|The first page of George Orwells's Nineteen Eighty-Four (from: Wikipedia)|
"We have witnessed, in the past 15 years, the close of an era of great editors such as Diana Athill, Jenny Uglow, John Blackwell and Charles Monteith; they seem to have been replaced by more modest souls who often spot the literals but dare not open their mouths regarding more substantial matters. Perhaps they are ill-equipped, or lack the gravitas to be heeded when they do?
But this over-simplifies what actually happens. Writers who fiercely insist that their publishers print exactly what they have submitted will often have subjected their work to the scrutiny of trusted readers, whose judgments they are prepared to accept. I suspect Ian McEwan is not much edited at Cape, but he and Craig Raine read each other's work before its final submission, forensically tweezering cliches as they go. Surely it is better to enlist the opinion of one's most respected peers, than that of a house editor, however much one admires their acuity?
Most of us, though, do both. After all, one wants to publish the very best version of the text that is possible. If anyone – friend, relative, fellow writer, editor – can improve my work by as little (or as much) as the necessary substitution of a semi-colon for a comma, I am grateful to them. Editing is what we need, and if we have any sense at all, what we want. That's pretty obvious, isn't it?"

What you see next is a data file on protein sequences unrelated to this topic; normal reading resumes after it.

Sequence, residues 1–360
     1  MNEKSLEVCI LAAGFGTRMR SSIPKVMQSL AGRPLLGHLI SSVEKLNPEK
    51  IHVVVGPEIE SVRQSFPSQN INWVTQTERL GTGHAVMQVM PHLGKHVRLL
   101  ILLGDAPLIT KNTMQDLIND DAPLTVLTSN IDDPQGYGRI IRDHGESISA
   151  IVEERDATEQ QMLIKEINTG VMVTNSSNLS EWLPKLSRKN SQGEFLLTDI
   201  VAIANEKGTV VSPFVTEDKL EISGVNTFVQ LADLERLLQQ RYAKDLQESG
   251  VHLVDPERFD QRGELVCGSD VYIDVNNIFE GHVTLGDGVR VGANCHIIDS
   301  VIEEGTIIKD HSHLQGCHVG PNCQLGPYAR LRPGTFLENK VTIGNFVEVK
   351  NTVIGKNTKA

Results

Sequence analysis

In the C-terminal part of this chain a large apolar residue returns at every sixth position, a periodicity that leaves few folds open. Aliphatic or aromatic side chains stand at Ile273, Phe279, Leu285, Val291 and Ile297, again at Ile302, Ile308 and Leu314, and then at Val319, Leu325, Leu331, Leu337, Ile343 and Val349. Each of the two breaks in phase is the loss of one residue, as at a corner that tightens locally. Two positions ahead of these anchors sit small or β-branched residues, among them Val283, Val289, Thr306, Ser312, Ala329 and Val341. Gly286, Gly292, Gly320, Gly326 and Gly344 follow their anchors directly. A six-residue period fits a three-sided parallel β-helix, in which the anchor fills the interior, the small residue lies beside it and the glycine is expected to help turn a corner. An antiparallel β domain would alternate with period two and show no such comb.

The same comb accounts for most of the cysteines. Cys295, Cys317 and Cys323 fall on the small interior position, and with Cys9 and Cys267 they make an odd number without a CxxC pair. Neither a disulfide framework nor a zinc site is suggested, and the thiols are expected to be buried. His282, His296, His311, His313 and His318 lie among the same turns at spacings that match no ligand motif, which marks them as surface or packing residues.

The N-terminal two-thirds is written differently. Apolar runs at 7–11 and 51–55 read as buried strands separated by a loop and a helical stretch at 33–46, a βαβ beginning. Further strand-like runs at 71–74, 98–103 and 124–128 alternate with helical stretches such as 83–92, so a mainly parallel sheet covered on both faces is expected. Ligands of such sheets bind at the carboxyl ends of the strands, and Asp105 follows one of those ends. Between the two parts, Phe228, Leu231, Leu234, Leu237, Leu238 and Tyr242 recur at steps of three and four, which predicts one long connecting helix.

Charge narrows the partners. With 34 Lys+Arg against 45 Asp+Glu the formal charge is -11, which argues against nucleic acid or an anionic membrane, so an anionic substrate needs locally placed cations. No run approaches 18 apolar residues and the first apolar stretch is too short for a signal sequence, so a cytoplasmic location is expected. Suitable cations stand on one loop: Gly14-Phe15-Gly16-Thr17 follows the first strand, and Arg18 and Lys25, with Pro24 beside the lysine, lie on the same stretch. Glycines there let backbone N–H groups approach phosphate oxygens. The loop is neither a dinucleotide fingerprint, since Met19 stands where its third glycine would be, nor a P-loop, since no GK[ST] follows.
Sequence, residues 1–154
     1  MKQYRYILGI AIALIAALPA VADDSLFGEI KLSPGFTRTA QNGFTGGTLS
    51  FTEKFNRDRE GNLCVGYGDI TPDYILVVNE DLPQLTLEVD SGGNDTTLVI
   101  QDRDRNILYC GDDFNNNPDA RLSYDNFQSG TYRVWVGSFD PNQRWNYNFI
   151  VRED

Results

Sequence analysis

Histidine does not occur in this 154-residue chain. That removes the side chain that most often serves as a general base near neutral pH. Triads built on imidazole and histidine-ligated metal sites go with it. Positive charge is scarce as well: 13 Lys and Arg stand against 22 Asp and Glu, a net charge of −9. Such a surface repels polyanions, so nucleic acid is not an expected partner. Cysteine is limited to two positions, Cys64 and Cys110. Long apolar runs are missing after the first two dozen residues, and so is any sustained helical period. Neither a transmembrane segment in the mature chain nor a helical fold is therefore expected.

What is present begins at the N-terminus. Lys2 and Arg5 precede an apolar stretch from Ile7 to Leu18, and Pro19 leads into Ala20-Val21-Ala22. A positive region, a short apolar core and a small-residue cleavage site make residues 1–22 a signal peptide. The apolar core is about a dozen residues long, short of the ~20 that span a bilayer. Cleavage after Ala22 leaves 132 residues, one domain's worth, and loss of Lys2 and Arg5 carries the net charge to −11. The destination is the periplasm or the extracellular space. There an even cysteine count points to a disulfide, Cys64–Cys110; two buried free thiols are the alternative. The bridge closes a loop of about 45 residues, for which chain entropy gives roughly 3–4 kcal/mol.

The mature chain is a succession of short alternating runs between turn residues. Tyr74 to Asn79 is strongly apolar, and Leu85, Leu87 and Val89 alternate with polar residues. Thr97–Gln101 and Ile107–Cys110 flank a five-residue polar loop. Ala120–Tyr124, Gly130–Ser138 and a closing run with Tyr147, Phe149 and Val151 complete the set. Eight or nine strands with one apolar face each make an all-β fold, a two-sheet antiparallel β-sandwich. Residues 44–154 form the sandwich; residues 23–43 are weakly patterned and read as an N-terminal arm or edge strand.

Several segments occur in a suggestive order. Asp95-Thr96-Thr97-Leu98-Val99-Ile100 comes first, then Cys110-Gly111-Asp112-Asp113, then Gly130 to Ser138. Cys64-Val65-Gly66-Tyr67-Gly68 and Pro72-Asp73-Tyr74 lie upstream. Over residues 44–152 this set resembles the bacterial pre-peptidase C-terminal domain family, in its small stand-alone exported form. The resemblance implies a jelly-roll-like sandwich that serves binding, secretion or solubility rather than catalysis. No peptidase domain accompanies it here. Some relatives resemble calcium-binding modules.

— Rick Gekoski, The Guardian
"The rumblings about editing that have reached me out here in my small seaside village boil down to one thing; time. Editors and agents have less time nowadays to devote to the actual editorial process and the manuscript itself. And because of this, manuscripts need to arrive in pristine form because in many cases, they won’t be thoroughly edited. Editors are looking for complete works rather than partials and they are more critical in their assessments. They want it ready to go. For many, the time is just not there to devote to a brand new writer and their book. This is a sea change from years back. Authors that have been in the business a long time will probably tell you they spend less time than in the past talking with their editor about the quality of the writing. If messing with the book is going to take up time but won’t in the end, contribute to selling more copies, then it isn’t always done. Sales and marketing and publicity plans can be a larger focus for an editor. Editors are encouraged to focus on new acquisitions and how to get the best talent. Who can they lure away? What marketing gimmicks are working? Editors can spend more time in meetings than at their desks. Free time for some only comes late at night."
— Caroline Tolley, Writer Unboxed